Now that you understand how strategy is determined by the math of games & how rule-systems shape a player’s behavior, we can look at what this teaches us about how society works. What if I told you that there is a big game that is being played all around you — a game that we have all been playing without knowing it — a game that all of us were signed up for on the day we were born? Take a look. Can you see it? Like Monopoly & chess, the rules of this big game create a set of optimal strategies that is shaping the behavior of its players — your behavior & mine.

Monopoly Money, Game Theory, & Economics

The Economy Is a Game

I mentioned above that game theory has been applied to economics — this is because an economy is a game. Economies are systems that produce & distribute society’s wealth — but, from a game theorist’s point of view, an economy is also a game & a population is a group of decision-makers ( players ). To succeed in this game, each player or group of players competes to control a part of society’s wealth, using only the strategies that are allowed by a system of rules. Many basic strategies involve producing & exchanging wealth or services, while other strategies — depending on the system — can involve controlling resources, financing other players, or investing in markets.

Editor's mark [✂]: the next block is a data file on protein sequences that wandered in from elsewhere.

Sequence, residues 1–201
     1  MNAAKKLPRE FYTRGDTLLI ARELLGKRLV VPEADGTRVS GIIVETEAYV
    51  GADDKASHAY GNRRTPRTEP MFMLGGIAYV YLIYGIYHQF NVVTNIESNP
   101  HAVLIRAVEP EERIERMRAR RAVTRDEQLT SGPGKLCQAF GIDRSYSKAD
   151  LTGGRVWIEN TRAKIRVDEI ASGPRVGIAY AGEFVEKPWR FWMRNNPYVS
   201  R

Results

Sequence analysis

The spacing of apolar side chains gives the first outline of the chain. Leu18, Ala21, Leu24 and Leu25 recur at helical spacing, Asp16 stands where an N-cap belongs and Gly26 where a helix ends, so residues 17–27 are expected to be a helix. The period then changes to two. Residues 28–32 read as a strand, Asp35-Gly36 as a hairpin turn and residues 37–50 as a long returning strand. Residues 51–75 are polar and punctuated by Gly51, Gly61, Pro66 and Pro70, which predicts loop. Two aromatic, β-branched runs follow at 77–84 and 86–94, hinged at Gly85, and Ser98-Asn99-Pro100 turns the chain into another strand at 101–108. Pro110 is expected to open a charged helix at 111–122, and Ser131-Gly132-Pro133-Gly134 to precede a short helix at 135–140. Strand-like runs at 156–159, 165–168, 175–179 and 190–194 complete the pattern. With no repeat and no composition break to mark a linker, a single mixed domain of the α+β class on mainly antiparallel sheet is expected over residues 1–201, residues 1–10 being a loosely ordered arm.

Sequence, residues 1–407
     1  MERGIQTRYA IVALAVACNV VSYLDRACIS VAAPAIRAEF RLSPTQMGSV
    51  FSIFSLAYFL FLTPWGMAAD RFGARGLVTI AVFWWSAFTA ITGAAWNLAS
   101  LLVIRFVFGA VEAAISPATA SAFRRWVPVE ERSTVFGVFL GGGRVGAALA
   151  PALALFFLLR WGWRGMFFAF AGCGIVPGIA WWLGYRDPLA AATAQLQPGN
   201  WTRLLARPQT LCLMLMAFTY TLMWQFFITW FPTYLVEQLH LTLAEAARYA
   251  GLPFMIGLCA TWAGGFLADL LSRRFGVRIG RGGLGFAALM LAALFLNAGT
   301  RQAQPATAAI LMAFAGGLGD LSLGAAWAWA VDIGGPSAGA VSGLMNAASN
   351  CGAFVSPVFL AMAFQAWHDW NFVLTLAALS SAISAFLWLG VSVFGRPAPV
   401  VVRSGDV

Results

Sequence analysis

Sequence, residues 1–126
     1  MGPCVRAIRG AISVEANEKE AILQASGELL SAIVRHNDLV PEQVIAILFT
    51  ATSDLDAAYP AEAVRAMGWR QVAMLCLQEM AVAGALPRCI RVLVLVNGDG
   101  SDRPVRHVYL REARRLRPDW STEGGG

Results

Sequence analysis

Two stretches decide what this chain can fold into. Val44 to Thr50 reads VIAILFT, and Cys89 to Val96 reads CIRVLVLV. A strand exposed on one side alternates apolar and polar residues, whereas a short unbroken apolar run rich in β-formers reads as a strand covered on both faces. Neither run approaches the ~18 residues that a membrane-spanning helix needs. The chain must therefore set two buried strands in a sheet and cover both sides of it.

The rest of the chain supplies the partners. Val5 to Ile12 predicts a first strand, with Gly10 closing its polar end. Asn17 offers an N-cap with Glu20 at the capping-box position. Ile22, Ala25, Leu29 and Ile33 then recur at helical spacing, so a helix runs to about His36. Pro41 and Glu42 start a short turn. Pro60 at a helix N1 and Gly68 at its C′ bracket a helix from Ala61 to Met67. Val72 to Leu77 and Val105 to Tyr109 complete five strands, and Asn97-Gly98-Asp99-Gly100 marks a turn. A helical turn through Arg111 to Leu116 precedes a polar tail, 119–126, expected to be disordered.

Whoever Dies With the Most Stuff Wins

In an economy, the players start with random advantages & disadvantages and, as a result, not all players are given the same best choices. Investing, for instance, may be optimal strategy for players who start with some wealth, while the best choice a player with none can make is to help produce something. That is called an asymmetrical game. Unlike chess ( which starts players with equal resources ), games of production & distribution are not played by identical players with equal access to strategies.